"Don't I get a say in this?"

She shook her head. "I don't know what your plans are, but the whole rest of my life is on that farm. This has to be it. Don't you understand?"

"No." He got to his feet. "Has there been nothing real about these past few days?"

Carina cast a guilty look at her hands. "My feelings for you are real."

"But you never intended it should last."

"I didn't intend anything. I didn't think at all. Did you?"

Donovan stopped pacing, ashamed of himself. "No."

"So I guess that settles it."

"It doesn't settle anything."

"It does for me."

He gazed at the stubborn set of her shoulders and the maddening way she lifted her chin, and he knew with a sick feeling in his stomach that she wasn't going to change her mind. What was it Alvi had said about obsolete women who didn't think they needed a man? A quiet voice inside him whispered that Carina was giving him a great gift, sacrificing her feelings to give him some measure of freedom, but he needed to prove her wrong. "Come to bed." He reached for her hand.

"It'll be no different in the morning."

"You don't know that."

"Yes I do. I've made up my mind."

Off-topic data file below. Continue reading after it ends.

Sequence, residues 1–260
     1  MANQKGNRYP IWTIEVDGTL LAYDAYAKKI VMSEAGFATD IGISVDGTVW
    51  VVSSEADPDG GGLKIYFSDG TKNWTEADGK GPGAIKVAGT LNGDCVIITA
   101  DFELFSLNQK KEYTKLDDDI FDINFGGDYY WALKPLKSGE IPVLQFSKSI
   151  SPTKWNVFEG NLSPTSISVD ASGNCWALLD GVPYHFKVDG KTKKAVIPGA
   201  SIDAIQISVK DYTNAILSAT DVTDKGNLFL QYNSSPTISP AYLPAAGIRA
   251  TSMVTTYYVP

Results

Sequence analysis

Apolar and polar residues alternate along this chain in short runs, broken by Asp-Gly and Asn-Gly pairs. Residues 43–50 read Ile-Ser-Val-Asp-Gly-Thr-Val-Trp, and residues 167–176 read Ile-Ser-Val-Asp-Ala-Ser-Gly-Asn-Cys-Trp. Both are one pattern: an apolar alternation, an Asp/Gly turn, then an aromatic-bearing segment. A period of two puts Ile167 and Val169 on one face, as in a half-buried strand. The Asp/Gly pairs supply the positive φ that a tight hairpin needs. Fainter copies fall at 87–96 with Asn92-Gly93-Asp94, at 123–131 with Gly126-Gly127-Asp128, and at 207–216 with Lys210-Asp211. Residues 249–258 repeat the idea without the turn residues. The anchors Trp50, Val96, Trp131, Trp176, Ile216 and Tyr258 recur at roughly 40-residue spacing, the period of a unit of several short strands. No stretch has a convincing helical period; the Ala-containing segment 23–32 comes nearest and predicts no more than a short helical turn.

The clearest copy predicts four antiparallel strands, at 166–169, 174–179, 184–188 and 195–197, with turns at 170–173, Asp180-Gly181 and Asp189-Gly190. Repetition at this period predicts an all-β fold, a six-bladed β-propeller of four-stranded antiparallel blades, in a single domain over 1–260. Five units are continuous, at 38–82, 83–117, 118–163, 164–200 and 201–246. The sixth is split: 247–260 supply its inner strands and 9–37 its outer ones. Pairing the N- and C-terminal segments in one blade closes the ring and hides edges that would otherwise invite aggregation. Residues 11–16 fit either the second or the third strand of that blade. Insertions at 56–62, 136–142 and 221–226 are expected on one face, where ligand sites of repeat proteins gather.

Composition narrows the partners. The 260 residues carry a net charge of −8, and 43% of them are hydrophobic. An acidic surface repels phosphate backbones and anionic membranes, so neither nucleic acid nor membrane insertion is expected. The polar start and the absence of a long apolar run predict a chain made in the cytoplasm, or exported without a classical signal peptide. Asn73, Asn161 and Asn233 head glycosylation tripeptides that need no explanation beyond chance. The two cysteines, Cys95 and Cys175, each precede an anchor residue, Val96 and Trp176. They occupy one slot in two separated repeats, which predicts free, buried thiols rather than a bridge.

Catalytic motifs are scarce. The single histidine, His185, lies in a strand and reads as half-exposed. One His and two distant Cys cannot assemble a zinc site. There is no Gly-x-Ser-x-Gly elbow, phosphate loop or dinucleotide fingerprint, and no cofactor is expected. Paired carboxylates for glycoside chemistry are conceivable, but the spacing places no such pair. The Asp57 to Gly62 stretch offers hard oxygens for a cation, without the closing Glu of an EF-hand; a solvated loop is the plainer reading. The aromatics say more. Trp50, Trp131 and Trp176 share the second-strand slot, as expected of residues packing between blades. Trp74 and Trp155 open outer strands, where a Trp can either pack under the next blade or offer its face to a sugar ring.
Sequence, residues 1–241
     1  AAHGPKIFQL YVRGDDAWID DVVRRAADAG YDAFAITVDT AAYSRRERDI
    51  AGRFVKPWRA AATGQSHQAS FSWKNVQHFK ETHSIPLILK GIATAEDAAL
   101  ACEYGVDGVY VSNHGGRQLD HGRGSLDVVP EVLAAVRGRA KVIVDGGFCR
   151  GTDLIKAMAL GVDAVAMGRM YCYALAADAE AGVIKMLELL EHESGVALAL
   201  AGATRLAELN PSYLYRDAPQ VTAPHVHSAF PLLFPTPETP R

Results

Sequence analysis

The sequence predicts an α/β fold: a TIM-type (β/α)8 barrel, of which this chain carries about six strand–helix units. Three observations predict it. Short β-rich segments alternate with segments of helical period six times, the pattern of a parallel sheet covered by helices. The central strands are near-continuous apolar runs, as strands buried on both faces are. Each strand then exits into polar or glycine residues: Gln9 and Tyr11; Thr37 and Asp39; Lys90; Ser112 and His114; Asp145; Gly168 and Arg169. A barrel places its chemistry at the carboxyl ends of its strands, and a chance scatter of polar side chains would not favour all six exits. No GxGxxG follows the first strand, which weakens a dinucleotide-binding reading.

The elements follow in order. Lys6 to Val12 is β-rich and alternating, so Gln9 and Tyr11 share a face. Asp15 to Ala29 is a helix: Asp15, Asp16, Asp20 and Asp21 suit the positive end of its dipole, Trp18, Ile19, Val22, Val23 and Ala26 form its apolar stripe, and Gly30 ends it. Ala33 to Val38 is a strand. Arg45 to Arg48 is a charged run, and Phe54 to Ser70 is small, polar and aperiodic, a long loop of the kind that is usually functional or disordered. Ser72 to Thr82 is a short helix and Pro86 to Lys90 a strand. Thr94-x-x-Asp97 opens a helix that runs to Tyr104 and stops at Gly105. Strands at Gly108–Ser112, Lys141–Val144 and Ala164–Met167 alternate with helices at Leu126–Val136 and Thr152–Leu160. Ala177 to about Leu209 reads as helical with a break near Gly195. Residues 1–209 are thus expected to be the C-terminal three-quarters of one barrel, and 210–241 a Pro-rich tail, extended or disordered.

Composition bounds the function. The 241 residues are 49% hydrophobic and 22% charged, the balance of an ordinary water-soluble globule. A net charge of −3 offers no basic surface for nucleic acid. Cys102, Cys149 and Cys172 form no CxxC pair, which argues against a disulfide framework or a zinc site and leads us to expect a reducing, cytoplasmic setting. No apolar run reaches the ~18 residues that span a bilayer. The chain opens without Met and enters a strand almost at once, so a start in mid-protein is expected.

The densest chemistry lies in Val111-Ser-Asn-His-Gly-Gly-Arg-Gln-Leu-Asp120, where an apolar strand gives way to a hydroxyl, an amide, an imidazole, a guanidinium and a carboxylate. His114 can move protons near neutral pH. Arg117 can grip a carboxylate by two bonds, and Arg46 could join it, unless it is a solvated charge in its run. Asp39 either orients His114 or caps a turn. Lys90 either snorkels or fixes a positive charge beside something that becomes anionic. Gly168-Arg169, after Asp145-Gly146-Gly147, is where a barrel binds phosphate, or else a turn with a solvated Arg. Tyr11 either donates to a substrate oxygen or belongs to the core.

"I'll make you wish you hadn't."

* * *

Carina stood on the patio, cooking the last of their food. It had been insanity to delay so long in notoriously toxic Catalunia, to the point where their food stores were this low. If the wagon broke down or a jennet went lame today, they would have to hunt or forage. Carina straightened her back and looked out across the mesas. No, they wouldn't be so lucky. They would be home tonight. She stirred the contents of the skillet, fighting back tears. It was good food, but the smell made her gag. She held her breath and took the food off the grill, then walked toward the empty swimming pool where the air was clearer. Here it smelled only of wind, dust and piñon. She breathed deeply, waiting for the knots in her stomach to unravel.

Feeling a little better, she went back and divided the food onto two plates. Her stomach had settled, and a good thing, since she had no choice but to eat it. The brownies were gone, the juice Amalia had packed at the outset of their trip had gone rancid, and she needed something to sustain her. Courage alone wasn't going to do it.

Donovan walked onto the patio looking tired and pale underneath the glow of his brown skin. Carina's breath caught and for a moment she thought she'd never seen him look so handsome, all in black with that vaguely accusing look in his eyes. She couldn't bear it and turned away. "Breakfast is ready."

"So is the wagon." He sat down but only picked at his food.